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Your nonverbal cues during an interview are just as important as your stellar resume. Make sure you’re sending the right ones. [TWEET]
As a freelance writer and a Certified Professional Resume Writer, I am a stickler for using the appropriate words, placing commas in the correct places, and ensuring that written communication reads well. When I work on resumes for clients, I tend to take this detail-orientation to a new level. Will someone really notice that the left margin is 1.1” and the right margin is 1.2”? Maybe or maybe not. However, I know it and want to ensure that it appears professional for the reader. After all, a successful resume is written with the audience or reader in-mind.
Even if the resume is “perfect,” all of this work can be undone in a few seconds if the interviewee does not have excellent nonverbal communication skills. Within the first seconds of meeting the job candidate, an interviewer will make a judgment on the interviewee. Much of this will be based on appearance of the candidate and how the person acts during the interview.
Here are some easy-to-implement job interview tips I typically give clients when they are preparing for the job interview:
As a woman, I am particularly in-tune to this and want to ensure I don’t have a “dead-fish” handshake. Show them you are confident with a nice, firm handshake.
This does not mean staring, but this does mean you are not looking at the ceiling or at the floor for the duration of the meeting. Look people in the eye and show them you are ready to talk business. And, if there is more than one person conducting the interview, be sure to look at each person.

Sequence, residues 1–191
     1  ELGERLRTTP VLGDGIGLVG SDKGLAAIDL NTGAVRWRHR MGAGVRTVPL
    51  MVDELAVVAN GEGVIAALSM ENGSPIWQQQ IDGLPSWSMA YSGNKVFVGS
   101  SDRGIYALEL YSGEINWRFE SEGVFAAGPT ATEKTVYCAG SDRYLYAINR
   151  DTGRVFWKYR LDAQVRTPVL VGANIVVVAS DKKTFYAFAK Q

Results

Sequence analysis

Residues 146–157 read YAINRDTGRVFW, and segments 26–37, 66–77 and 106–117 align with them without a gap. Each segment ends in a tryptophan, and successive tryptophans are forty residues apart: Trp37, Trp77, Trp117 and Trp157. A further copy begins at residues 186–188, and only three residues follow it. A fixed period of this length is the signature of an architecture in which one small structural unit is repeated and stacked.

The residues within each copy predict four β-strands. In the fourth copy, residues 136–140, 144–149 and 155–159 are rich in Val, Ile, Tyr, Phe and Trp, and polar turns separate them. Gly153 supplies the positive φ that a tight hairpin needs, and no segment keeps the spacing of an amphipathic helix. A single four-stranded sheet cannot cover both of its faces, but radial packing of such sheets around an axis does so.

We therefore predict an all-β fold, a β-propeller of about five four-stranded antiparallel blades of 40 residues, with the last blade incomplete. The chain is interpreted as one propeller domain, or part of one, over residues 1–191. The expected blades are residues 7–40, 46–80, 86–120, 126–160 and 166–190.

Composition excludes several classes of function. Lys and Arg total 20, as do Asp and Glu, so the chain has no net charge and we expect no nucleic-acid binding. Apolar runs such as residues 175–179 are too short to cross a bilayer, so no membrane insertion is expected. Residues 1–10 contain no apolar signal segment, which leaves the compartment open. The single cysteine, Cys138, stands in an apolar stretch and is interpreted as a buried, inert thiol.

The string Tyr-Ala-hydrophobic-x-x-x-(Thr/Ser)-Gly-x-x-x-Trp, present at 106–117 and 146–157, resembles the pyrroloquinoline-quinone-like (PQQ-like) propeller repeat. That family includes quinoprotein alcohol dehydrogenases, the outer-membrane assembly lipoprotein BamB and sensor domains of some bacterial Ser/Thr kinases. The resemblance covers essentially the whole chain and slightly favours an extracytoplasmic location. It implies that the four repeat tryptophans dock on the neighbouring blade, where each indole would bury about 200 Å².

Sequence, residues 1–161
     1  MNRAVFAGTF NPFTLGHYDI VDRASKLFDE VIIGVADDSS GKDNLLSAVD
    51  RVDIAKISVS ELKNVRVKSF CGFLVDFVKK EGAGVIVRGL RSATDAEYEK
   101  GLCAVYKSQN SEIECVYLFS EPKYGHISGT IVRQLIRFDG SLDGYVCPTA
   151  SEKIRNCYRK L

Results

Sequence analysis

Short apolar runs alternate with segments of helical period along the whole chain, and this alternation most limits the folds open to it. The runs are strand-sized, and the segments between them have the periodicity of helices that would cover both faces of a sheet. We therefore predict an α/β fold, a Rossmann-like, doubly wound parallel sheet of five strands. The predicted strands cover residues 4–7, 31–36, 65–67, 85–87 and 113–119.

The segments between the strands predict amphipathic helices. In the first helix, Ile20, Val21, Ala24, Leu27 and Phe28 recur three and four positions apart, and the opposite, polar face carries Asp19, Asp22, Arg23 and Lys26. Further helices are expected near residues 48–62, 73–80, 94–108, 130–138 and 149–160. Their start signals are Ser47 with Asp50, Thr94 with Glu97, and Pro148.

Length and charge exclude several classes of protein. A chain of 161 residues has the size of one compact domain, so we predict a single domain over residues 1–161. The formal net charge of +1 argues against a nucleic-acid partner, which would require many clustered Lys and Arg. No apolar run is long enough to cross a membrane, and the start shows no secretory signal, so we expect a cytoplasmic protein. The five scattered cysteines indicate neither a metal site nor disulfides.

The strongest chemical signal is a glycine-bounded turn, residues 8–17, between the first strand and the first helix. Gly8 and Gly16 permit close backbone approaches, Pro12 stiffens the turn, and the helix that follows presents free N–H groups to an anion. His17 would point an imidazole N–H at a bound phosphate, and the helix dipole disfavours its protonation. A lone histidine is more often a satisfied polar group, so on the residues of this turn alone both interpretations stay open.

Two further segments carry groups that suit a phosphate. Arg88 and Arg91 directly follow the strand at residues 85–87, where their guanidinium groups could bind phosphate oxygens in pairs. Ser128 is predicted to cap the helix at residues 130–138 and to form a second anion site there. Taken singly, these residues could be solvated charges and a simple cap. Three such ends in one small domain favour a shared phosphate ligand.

Your mom (and mine!) was right. Slouching gives a bad impression that you don’t care about the person talking to you and it looks sloppy. Sitting up straight will also help you to listen more intently. Make sure your feet are planted firmly on the floor and the small of your back is against the chair.
This doesn’t mean you have to purchase a brand-new three-piece suit. It does mean you should dress in a nice outfit, ensure it is not wrinkly, and take your time getting ready.
When the interviewer is speaking to you, nod your head at the appropriate times and take notes if you think you may forget something important. These communication cues show that you are interested in what he or she is saying.
This includes smiling when you meet people that work at the business. From greeting the receptionist upon your arrival to shaking hands with the interviewer(s) when you leave, your communication skills matter throughout the entire process.
Several months ago I conducted a mock-interview with a soon-to-be college graduate. When I arrived at our meeting place, he was dressed in a suit, stood up to greet me, shook my hand, and had a portfolio in front of him. That was a client that understood the power of nonverbal communication.
Before going on that interview, practice with someone and have them tell you the nonverbal signals you are sending. Or, if you are able to do so, videotape yourself and watch the recording. Emphasize what is going well and modify the behaviors and nonverbal communication cues that distract from your professionalism. You may be surprised at things you are doing and don’t even know it. Taking the time to address it now will ensure you are giving the appropriate, professional, and proper nonverbal communication signals. For more, here are 5 ways to exude confidence during a job interview.
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